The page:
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Keeping warm with farm shop projects
Jim Cooper's been spending a lot of time in his shop on his Grant, Nebraska, farm these days, getting his iron in shape and looking forward to spring. Check out a couple of his recent projects.
So, what's got you busy in your farm shop these days? Join the discussion in Shop Talk.
New strip-till row cleaners
Cooper's latest shop project is a set of new row cleaners on his strip till rig. "I had 12 stems with the old-style Groff Ag row cleaners," he says. "I decided to fabricate a bracket for my strip-tiller and try them out. They worked beautifully so I decided to upgrade to the newer heavy-duty style."
"It took a little fabrication work to make the old stems work with the new wheels," Cooper says. The new wheels, he says, are "designed to sweep away crop residue to allow a perfect seedbed."
A little extra iron
In order to accommodate the new row cleaner wheels, Cooper had to do some extra ironwork: "Grinding and cutting off the old square shoulder washers to allow mounting the new heavier-duty wheels," he says.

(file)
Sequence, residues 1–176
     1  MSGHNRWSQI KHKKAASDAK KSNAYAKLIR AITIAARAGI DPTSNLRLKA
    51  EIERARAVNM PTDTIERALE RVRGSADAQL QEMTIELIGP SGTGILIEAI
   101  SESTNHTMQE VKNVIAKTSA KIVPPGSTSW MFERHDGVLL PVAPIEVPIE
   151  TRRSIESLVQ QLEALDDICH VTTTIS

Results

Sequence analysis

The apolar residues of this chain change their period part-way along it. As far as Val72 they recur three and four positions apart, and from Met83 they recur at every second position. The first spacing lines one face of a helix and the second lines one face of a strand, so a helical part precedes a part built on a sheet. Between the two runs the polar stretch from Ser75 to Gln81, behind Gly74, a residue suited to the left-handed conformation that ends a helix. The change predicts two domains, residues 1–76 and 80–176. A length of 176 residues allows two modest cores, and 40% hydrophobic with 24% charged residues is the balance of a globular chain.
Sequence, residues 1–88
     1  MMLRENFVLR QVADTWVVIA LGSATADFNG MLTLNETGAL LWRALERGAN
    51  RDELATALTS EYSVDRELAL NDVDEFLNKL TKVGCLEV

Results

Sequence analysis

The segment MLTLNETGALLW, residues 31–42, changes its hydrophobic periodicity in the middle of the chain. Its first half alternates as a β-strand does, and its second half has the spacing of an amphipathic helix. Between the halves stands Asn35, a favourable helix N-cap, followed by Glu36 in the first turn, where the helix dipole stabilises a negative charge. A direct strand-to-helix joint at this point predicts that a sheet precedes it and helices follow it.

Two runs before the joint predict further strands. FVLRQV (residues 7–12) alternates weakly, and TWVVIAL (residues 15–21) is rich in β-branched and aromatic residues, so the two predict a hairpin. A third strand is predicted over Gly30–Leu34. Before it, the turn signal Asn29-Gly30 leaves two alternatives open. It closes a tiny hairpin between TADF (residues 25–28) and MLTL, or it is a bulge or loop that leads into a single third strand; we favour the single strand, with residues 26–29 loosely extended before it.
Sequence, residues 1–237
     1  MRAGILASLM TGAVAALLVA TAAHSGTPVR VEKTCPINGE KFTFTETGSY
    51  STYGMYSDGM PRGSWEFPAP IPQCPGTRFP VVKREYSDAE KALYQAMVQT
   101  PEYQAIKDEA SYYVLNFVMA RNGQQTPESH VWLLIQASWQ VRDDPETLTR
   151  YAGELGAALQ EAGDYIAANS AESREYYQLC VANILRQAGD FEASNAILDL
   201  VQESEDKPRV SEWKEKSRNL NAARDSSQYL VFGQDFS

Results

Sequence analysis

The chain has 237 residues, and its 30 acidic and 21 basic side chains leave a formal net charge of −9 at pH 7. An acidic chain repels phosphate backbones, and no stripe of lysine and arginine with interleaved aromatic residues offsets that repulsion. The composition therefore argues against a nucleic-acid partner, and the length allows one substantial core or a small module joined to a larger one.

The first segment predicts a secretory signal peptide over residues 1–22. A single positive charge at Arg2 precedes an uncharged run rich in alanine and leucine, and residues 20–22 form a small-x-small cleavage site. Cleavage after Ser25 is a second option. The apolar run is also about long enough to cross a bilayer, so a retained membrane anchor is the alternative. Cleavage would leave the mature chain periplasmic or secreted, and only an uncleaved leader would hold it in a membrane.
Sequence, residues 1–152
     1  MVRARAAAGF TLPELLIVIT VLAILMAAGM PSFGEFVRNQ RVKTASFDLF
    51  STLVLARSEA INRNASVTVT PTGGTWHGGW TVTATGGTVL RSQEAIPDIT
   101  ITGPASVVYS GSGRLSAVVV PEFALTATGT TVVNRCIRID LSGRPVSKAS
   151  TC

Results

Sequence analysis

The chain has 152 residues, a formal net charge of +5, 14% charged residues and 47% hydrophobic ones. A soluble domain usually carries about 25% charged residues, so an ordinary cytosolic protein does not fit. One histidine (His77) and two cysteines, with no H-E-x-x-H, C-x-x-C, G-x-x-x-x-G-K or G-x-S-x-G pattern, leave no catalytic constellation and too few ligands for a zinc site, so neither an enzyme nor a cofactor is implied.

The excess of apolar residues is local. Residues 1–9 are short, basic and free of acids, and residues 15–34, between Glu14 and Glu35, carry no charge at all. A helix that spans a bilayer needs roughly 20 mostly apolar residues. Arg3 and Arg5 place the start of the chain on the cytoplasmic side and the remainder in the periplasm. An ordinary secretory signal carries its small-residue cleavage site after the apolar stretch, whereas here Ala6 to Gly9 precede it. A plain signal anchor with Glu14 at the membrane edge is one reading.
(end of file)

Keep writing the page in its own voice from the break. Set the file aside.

Jig it up
To make everything fit together just right, Cooper made a jig to "position the tab (shiny portion) for welding to keep the wheels from unscrewing from the assembly," he says.
Here's one of the row cleaner assemblies all put together, painted and "ready to install," Cooper says.
Here's the finished product: The group of completed assemblies, with Cooper's "quality inspector," his dog Dessa, making sure everything's in good shape. "Net savings over buying new stems: $2,400," Cooper says.
Cooper's also making some improvements on his grain auger. This section of auger tube bottom was worn out. "Cut the old piece of the worn auger tube bottom with an air cutoff tool and torched the safety screen off the old assembly," he says.
After replacing the auger tubing and safety screen, Cooper added a new hitch D-ring.
Ready for the bin
The completed fabrication: "The only new parts were the silver sleeve and about 11 inches of 3/8x3x11 flat," he says. "Hopefully it will last another year -- it only has to unload 1 bin where we only have single-phase power."
Meanwhile, they're lining up
But, with today's markets, it's tough to stay in the shop all winter making iron improvements, as shown by the truck line at Cooper's local elevator. "Harvest in January? The line this afternoon felt like it, but just a lot of grain coming in," he says.
Back to it
"Slickery" is Cooper's description of the trek home from the elevator after taking in a load of corn.